JOHANNESBURG (Reuters) - U.S. petroleum company Anadarko has placed staff working on a liquefied natural gas (LNG) plant in northern Mozambique under “lock-down” due to the threat from suspected Islamist militants in the area, a regional security consultant said on Tuesday.
Anadarko, which is looking to raise a record $14-$15 billion for the plant, said last week it was monitoring the situation after a spate of beheadings and kidnappings but declined to comment on specific security issues.
The consultant, who is familiar with the security situation, said the firm had prevented its workers from going beyond the perimeter of the planned plant on the coast of Cabo Delgado province, abutting the border with Tanzania.
“They can’t leave the site,” the consultant said.
Besides Anadarko, Italian energy giant Eni is piling into northern Mozambique to develop gas fields in the offshore Rovuma Basin, believed to hold 85 trillion cubic feet of natural gas - enough to supply Germany, Britain, France and Italy for nearly two decades.
The first attacks by suspected Islamist militants came in October, when locals reported gangs armed with machetes attacking police stations, torching villages and executing religious leaders.
Human Rights Watch (HRW) said on Tuesday at least 39 people had been killed and more than 1,000 displaced since May. The United States and Britain have advised their citizens to steer clear of the area.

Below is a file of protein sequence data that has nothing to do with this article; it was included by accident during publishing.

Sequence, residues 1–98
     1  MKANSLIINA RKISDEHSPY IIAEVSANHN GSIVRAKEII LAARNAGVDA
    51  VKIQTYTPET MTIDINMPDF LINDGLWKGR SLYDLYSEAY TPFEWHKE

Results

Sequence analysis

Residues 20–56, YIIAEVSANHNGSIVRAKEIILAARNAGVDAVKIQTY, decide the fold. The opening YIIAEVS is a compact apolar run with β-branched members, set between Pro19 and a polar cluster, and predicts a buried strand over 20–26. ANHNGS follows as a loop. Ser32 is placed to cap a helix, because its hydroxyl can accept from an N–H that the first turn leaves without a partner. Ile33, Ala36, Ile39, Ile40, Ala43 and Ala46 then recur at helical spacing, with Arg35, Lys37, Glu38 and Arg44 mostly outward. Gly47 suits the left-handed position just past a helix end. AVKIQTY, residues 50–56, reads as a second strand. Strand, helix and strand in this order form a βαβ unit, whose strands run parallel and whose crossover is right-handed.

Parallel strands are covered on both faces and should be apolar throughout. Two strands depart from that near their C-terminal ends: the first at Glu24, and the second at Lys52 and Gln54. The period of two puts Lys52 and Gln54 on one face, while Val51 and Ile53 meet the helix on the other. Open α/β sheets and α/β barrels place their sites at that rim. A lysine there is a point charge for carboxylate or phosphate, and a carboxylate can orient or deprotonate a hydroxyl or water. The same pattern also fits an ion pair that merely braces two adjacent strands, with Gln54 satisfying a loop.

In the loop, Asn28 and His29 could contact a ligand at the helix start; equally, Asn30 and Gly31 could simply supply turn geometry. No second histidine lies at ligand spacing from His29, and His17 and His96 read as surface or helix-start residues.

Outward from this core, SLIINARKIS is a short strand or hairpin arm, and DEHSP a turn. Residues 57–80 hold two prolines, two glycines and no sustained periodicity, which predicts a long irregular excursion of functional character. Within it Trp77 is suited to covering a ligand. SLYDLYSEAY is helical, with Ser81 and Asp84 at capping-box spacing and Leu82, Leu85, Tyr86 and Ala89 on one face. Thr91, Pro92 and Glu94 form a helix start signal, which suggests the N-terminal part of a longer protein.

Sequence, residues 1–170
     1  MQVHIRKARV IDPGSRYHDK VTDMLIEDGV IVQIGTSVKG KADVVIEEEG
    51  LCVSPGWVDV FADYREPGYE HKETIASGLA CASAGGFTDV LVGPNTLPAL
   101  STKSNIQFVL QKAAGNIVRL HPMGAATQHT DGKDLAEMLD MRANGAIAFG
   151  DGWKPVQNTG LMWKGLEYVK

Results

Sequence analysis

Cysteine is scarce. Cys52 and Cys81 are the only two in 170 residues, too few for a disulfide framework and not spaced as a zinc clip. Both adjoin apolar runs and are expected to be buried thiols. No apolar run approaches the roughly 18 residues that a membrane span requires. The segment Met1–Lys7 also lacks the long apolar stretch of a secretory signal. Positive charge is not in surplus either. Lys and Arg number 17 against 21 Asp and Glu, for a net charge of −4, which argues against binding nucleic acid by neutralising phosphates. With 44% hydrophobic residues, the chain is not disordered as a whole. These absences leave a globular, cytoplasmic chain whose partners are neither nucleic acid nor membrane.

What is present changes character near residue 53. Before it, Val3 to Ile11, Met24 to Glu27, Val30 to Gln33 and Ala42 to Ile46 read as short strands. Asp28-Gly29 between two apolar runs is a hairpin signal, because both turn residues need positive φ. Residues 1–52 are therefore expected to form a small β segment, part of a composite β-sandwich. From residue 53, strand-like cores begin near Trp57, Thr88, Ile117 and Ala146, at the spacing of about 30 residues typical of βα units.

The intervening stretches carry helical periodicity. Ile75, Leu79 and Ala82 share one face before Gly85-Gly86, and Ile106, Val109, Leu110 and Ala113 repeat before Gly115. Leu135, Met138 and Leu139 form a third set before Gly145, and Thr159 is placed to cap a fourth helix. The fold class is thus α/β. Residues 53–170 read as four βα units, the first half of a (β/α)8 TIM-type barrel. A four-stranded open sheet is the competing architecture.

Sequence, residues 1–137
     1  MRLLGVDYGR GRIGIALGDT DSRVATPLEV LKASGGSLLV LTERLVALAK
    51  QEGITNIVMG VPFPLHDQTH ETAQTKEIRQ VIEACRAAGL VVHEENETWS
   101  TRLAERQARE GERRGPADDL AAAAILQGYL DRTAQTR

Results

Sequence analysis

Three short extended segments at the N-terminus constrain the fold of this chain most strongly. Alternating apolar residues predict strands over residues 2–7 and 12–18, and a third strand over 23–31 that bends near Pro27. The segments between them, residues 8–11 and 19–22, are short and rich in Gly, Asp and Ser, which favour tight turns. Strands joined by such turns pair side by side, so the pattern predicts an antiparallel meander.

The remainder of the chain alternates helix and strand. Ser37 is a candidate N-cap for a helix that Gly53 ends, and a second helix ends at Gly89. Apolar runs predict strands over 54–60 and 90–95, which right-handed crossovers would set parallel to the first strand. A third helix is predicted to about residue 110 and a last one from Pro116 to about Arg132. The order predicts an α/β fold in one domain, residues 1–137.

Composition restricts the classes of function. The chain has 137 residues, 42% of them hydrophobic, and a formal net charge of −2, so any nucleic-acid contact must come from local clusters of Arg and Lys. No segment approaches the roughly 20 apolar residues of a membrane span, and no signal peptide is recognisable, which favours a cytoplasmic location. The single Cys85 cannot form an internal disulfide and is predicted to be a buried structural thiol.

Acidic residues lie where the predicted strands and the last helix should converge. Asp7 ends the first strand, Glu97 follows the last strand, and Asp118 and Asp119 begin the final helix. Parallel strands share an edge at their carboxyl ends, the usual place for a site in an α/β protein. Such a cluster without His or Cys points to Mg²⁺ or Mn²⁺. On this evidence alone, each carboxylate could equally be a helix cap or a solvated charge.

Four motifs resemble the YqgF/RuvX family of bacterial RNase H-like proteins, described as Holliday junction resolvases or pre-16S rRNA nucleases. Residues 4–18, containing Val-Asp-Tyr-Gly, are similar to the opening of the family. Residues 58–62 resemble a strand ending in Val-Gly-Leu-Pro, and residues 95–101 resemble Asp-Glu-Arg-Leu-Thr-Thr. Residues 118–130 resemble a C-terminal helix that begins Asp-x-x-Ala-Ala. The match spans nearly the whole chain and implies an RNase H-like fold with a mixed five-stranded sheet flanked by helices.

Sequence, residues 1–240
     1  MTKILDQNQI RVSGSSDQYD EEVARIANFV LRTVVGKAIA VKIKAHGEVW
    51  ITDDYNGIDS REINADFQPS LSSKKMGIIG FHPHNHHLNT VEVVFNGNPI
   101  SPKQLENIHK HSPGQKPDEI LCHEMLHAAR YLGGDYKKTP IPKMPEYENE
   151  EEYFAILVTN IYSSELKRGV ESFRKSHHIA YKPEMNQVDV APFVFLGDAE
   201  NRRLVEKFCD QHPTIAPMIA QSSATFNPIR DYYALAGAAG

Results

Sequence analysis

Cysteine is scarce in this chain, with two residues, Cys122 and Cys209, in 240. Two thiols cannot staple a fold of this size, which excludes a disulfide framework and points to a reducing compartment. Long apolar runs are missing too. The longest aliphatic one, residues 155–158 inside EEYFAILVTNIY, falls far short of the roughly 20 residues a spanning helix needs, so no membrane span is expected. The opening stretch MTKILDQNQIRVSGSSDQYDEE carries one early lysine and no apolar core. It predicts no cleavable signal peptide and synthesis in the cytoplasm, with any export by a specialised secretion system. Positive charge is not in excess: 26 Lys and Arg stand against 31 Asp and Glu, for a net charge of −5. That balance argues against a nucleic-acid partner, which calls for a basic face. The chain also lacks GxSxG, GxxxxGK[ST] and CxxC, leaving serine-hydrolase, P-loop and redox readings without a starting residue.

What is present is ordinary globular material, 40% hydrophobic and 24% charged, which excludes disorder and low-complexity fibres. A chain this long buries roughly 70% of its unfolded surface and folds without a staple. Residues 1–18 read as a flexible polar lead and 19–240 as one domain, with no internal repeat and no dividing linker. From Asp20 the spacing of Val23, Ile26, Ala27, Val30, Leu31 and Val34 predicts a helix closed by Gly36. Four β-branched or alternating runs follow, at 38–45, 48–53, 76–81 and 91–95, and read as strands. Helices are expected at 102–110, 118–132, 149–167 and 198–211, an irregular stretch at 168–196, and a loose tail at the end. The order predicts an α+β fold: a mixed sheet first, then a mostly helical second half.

Security consultants and domestic media have described the attackers as members of Al-Sunna wa Jama’a, an unknown Islamist group. Locals have also referred to the attackers as “Al-Shabab”, although there are no known links to the Somali group of the same name.
People in Cabo Delgado told HRW attackers had burned a mosque and beheaded an Islamic leader in a June 5 attack in which hundreds of homes were torched and scores of cattle slaughtered.
The New York-based rights group also accused the Mozambique security forces of an indiscriminate and heavy-handed response, citing one military unit commander who said his troops would not “waste our time” handing over suspects.
“If we find them in the bush, we will kill them there,” the soldier was quoted as saying.
A government spokesman was not immediately available for comment.
Mozambique has no history of Islamist militancy and authorities have been reluctant to ascribe the attacks to Islamists. About 30 percent of Mozambique’s 30 million people are Roman Catholics, while 18 percent are Muslim.
Additional reporting by Joe Brock; Editing by Catherine Evans and Andrew Heavens
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